Recorded 19-23 September 2005 in the Cologne Philharmonie, this reading of the volatile Fourth Symphony of Shostakovich (1936), what the composer called “my creative answer to unjust criticism.” Shostakovich had fallen from official Soviet favor, particularly when Stalin walked out of a performance of Lady Macbeth of Mtsensk without having applauded. An article appeared, “Chaos instead of Music,” which accused Shostakovich of “formalism,” of having lost touch with the people; in fact, Shostakovich had become (in Ibsen’s phrase) “an enemy of the people.”
The Fourth remained unfinished, and Shostakovich became a frightened man. The Symphony itself took on the proportions of an epic sandwich, two monstrously large outer movements on the scale of Mahler bracing a central Moderato con moto of modest size. The opening Allegretto poco moderato is huge, running some 28 minutes. While there are some tender episodes, likely reflections on nature, the sarcastic march tempo and its often hideous guises dominate the bleak sensibility of the emotional landscape. Shrieks and clattering sounds, strident trumpets and the beating of drums, these might well be the Shostakovich version of Milton’s Pandemonium. How quickly had the dream, the “utopia of the proletariat,” descended into nightmare. A musical period ends, only to screech forward again, the low bassoon and string basses invoking a kind of sodden version of Stravinsky’s The Rite of Spring. This expands into a full-scale lament, a funeral dirge. It tries to waltz, in vain. Militant and contrapuntal, the WDR reaches a sustained frenzy, Shostakovich raging at the dying of his idealistic light. A new note of burlesque enters, gallows humor from every side of one’s surround-sound space that soon turns into angry, buzzing 32nd notes. Bychkov graduates the dissipation of all these tensions, so only a high pitched pedal remains, then a grumbling tympani, horns, a shattering series of chords that might mark a decapitation. Mahler returns, bitter; maybe shades of Sibelius‚ The Swan of Tuonela. Another lament, this from the first violin. But despair rules, like the last sentence of Poe’s “The Masque of the Red Death.”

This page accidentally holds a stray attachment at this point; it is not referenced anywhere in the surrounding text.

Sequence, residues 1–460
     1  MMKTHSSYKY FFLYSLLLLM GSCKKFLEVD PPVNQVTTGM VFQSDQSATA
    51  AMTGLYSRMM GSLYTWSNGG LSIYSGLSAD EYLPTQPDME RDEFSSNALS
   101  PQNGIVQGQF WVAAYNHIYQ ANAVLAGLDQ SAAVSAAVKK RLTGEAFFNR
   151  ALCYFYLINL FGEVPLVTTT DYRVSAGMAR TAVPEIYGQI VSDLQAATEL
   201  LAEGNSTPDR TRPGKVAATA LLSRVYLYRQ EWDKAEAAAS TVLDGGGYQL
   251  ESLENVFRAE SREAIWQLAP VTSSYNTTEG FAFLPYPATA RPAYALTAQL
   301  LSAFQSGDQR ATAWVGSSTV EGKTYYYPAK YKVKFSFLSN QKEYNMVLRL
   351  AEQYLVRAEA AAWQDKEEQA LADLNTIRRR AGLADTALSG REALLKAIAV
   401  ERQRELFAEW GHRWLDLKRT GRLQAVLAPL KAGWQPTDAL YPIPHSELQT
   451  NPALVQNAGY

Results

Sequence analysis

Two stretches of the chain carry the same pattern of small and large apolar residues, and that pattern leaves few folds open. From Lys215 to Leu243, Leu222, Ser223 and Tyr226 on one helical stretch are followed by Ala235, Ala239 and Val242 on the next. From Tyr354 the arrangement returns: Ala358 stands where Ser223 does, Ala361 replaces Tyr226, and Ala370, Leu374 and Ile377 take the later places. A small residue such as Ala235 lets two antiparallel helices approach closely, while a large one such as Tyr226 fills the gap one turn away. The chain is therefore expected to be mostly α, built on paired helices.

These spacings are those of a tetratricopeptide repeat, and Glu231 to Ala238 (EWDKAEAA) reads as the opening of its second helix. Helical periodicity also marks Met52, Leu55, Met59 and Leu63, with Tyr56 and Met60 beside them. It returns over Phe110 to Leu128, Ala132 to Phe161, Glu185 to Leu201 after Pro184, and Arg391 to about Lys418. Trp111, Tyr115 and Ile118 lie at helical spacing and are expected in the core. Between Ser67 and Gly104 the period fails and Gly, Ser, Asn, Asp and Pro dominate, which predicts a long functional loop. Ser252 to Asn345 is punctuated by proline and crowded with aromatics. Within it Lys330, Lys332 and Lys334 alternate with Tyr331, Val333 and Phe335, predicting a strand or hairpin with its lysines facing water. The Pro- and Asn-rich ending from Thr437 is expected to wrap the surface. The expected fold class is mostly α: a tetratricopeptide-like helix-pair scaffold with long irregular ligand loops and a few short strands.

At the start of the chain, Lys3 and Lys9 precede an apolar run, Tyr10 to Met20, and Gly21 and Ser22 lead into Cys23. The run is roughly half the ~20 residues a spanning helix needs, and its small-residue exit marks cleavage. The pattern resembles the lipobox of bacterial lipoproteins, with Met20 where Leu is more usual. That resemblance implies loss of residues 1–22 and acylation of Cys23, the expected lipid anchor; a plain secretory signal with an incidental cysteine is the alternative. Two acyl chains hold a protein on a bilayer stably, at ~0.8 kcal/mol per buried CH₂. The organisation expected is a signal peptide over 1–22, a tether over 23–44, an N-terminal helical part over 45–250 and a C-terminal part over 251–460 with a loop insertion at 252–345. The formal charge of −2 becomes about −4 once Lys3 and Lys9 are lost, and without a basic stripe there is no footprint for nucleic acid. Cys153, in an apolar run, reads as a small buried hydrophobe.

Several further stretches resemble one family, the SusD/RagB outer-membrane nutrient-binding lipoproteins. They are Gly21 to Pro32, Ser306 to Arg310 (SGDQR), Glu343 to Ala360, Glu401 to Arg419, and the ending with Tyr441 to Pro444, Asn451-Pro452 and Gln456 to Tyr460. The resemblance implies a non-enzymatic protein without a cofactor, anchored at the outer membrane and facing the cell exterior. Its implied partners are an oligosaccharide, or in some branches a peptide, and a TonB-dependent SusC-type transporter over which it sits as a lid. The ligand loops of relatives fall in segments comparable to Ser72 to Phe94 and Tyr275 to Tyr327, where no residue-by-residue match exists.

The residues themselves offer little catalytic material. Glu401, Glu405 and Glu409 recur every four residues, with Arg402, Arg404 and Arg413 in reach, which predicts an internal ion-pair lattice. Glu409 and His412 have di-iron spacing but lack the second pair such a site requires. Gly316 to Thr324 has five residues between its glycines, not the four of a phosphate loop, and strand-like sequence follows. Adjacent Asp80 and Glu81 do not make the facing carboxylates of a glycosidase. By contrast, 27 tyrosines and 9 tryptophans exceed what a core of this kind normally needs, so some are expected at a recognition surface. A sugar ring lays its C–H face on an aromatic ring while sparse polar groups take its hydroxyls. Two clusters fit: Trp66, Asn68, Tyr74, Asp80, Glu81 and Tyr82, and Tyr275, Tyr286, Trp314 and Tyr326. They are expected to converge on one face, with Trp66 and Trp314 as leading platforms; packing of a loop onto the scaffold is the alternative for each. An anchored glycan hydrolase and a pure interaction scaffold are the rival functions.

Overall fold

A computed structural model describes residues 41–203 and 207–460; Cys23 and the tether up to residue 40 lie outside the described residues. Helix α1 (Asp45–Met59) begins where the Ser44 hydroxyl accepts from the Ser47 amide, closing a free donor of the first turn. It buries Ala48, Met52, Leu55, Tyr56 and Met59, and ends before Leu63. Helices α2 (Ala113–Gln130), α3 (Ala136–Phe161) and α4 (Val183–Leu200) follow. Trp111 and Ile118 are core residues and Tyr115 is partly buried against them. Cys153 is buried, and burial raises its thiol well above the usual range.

A Mahler-like, dark quasi-scherzo ensues, contrapuntal, sarcastic, as Bartok’s Concerto for Orchestra would be eight years later. Whirling figures in the piccolo and songful pipings from the flutes don’t do much to lighten the mood. A four-note figure, ostinato, provides a polyphonic fate motif. The motif evolves into three notes, the winds in trills below anguished strings, a low contrabassoon underneath. The four notes return, a bit jazzy, ppp, a real exercise in dynamic response from the WDR. A woodwind funeral march opens the last movement, another perverse moment borrowed from Mahler. As long as the opening movement, the Largo–Allegro traverses a huge range of emotions, even including a sense of triumph–visions of a Fool’s Paradise? Heated brass and percussion punctuations mark the Allegro, the strings and high winds demented from everywhere at once. A terrible beauty is born. At ten minutes into this disturbing music, the harp makes its appearance in the course of a soft melody; the seductions of appeasement? What follows is an orchestral divertissement, sometimes suggestive of a ballet or film score, self-conscious parody. Are these the dances of one who has made a Devil’s bargain? Shostakovich wrote at the time, “I was so completely ruled by fear that I was not in control of my life.” Bychkov and his superb forces, deftly recorded by Francois Eckert, pay homage to a great soul in crisis; but how often you audition this pained, august score depends on your capacity for emotional punishment.
— Gary Lemco